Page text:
Chinese lead battery makers have enjoyed phenomenal success in recent years, says our Man in China, Liang Yunchao. But a careless few have spoiled things making a strong Government crackdown hard on the industry. As usual the result will be interesting.
The year 2010 was a bumper harvest year for the battery industry in China, with a total production of 144 million KVAh, a 17% increase on average over 2009, a new record high. The big two engines for growth were the automotive and e-bikes industry— 18.3 million vehicles, up 32.37%, and 29.5 million electric bikes, up 24.7% over last year respectively.
As the automotive industry has seen two consecutive exponential growth for the last couple of years (2009 13million, up 46% over 2008), driven by both real demand and government stimulus measures, automotive batteries have been in short supply so many car battery makers have doubled, or plan to double, their production capacity, such as Camel increasing to 18 million batteries per year, Fengfan to 20 million, JCI China to 18million, Leoch to 10 million, Zeliang, to 4 million and several other medium sized producers to incease to 2 million each.
There are some industrial battery makers who plan to move into SLI battery manufacturing too. Most of the above have purchased, or are going to purchase, advanced battery machines in order to raise efficiency and environmental protection. Thus, domestic and foreign machine makers have benefitted, or are going to benefit, from this growth.
But is such growth sustainable? According to the new figures, the first two months of this year saw just a 9.7% increase in automotive sales and the annual production is reckoned to be somewhere between 10 and 15%. That means in the next couple of years, car batteries will move from short supply to over supply and the inevitable shake up from the market— closures, mergers and ultra low cost exports.
Worse than this, the recent lead battery pollution cases such as in Huaining and Taizhou,which caused hundreds of people (most of them children) to be poisoned has severely damaged the lead battery industry’s reputation here. Not surprisingly, the government is carrying out a campaign to re-inspect the environment protection conditions at all battery producers.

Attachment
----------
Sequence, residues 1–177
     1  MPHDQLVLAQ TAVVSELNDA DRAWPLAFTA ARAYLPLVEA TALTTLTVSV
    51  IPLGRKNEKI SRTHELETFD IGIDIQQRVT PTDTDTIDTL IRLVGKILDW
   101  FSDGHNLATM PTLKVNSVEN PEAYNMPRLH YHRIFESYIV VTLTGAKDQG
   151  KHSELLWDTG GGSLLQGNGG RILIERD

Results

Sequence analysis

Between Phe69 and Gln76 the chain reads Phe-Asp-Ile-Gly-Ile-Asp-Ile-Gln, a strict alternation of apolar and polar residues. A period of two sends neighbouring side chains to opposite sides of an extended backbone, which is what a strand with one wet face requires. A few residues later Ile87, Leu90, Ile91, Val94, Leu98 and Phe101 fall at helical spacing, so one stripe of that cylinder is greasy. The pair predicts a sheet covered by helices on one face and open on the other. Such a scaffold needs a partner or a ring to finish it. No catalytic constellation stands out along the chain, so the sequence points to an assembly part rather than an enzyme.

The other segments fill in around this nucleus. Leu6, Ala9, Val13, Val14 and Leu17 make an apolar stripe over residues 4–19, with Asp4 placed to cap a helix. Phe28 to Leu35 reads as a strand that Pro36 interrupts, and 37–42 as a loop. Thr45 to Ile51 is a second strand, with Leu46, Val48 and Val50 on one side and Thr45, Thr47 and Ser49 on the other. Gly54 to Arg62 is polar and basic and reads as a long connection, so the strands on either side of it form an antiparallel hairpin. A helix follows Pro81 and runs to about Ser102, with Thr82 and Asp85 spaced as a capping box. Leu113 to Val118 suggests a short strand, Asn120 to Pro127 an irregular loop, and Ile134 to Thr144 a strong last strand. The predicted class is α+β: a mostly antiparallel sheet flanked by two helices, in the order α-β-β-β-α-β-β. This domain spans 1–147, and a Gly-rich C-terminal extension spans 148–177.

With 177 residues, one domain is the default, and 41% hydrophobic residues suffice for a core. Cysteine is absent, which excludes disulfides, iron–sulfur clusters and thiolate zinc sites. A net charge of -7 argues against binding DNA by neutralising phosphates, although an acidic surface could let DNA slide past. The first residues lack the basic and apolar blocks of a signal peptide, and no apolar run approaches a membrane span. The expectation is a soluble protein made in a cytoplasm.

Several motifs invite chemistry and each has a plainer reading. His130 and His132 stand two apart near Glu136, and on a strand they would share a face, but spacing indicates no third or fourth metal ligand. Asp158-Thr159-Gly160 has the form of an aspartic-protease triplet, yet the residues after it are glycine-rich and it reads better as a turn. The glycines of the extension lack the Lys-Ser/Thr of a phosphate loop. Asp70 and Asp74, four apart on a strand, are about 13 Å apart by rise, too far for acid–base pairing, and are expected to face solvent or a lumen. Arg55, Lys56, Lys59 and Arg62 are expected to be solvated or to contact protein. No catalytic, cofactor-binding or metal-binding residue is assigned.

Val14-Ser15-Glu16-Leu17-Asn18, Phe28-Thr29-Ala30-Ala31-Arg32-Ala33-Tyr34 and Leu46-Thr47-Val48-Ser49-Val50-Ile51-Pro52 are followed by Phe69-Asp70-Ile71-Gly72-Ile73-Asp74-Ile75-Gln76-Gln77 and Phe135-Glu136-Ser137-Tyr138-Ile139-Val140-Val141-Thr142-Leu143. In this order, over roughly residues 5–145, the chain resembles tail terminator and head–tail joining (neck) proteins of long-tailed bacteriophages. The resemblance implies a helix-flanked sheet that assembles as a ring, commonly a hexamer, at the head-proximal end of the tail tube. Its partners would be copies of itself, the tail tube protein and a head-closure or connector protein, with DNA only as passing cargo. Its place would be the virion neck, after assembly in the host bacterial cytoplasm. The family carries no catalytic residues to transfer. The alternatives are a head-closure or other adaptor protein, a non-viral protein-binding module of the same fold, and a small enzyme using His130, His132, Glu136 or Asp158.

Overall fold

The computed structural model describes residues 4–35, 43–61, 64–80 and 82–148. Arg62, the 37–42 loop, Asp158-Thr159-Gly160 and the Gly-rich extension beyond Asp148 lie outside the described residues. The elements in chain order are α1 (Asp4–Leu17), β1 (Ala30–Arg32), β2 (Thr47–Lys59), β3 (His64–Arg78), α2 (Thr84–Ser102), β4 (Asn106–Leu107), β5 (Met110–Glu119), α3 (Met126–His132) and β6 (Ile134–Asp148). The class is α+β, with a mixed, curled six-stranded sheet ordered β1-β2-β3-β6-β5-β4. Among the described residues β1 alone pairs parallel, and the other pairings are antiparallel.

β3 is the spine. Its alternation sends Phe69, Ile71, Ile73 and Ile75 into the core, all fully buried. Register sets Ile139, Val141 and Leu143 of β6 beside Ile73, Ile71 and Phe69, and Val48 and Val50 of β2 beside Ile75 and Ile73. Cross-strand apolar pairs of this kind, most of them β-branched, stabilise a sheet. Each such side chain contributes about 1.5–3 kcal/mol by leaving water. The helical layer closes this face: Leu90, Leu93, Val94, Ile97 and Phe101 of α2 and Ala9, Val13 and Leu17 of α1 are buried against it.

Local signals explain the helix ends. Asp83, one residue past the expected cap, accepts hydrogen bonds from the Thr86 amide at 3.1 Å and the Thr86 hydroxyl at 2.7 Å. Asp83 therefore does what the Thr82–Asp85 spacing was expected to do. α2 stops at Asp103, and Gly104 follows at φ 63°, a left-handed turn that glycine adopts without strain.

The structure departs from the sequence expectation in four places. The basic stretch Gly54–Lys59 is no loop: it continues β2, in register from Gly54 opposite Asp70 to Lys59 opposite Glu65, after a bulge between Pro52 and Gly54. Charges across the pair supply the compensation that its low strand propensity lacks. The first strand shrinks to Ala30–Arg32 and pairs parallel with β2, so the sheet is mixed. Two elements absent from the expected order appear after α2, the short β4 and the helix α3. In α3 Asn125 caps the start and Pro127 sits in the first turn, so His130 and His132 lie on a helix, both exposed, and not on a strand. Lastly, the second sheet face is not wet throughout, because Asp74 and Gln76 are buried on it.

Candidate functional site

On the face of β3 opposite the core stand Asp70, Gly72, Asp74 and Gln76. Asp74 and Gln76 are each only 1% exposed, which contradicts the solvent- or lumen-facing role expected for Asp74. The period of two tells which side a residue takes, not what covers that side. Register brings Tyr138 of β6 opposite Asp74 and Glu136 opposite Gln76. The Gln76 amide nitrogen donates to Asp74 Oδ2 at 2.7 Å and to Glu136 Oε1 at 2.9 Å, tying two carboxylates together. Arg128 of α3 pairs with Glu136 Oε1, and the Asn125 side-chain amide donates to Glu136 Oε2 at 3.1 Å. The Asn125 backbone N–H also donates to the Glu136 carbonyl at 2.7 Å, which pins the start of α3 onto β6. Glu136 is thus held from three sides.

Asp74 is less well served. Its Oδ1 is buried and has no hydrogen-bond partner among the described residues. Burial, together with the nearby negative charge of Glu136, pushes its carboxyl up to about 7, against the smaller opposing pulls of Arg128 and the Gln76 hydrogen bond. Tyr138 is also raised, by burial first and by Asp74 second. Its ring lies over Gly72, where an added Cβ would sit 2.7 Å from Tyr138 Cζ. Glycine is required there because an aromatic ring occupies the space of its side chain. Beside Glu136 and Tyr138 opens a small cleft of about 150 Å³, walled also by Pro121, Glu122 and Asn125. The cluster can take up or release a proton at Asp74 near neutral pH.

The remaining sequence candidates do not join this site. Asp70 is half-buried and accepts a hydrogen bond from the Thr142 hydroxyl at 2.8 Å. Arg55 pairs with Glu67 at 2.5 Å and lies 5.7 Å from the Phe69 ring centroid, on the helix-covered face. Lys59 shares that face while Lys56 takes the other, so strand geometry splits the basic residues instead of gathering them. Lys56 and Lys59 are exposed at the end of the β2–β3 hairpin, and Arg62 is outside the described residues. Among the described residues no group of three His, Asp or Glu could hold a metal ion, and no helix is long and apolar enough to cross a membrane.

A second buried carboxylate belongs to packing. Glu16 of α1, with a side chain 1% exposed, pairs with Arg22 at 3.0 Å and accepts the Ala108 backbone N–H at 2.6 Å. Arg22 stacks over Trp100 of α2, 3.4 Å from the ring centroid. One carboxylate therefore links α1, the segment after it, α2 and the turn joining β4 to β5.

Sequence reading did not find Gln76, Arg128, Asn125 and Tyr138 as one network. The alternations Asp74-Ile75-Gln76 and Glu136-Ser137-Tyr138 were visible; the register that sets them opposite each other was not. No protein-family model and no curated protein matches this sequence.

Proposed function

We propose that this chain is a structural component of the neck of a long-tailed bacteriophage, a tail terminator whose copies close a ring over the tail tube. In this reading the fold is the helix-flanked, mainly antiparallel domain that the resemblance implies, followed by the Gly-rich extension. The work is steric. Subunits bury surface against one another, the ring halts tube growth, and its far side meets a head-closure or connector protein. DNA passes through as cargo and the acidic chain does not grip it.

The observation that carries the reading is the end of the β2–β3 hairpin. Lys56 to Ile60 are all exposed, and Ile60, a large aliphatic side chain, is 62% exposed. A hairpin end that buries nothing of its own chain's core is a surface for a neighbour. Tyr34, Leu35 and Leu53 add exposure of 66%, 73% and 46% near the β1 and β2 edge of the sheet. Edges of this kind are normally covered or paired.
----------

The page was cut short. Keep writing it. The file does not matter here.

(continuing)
Following this movement, new regulations and policies for the next 5 years will be issued soon to strongly support the strict control and treatment of lead pollution, which stress on several areas.
Platemaking-only plants to be closed.
Small factories making less than 20KVAh per year to be closed too.
Cadmium to be forbidden in lead alloys.
Advanced products: (less lead pollution) products and technologies will be encouraged with billions of dollars of government funds to produce advanced batteries: spiral, thin-metal-film, bipolar, lead-carbon, foamed-carbon, etc.
There will also be support for new production methods: expanded metal grid, continuous casting and rolling, continuous punching, etc. There will be funding for advanced environment protection equipment and lead recycling technology.
Currently there are about 2 000 registered lead battery makers in China but this will be cut by a factor of ten. It’s planned that the total producers will be reduced to some 200 in three stages in the next few years.
Forced by severe environment protection regulations and ever stronger competition, most of the top ten lead battery manufacturers are now engaged in lithium battery making. Few have made profit yet except Coslight which entered this field first.
So, is this the first death knell of the mighty Chinese battery industry or a wake-up call to compete even more fiercely? In China, no one gives up easily. Watch this space.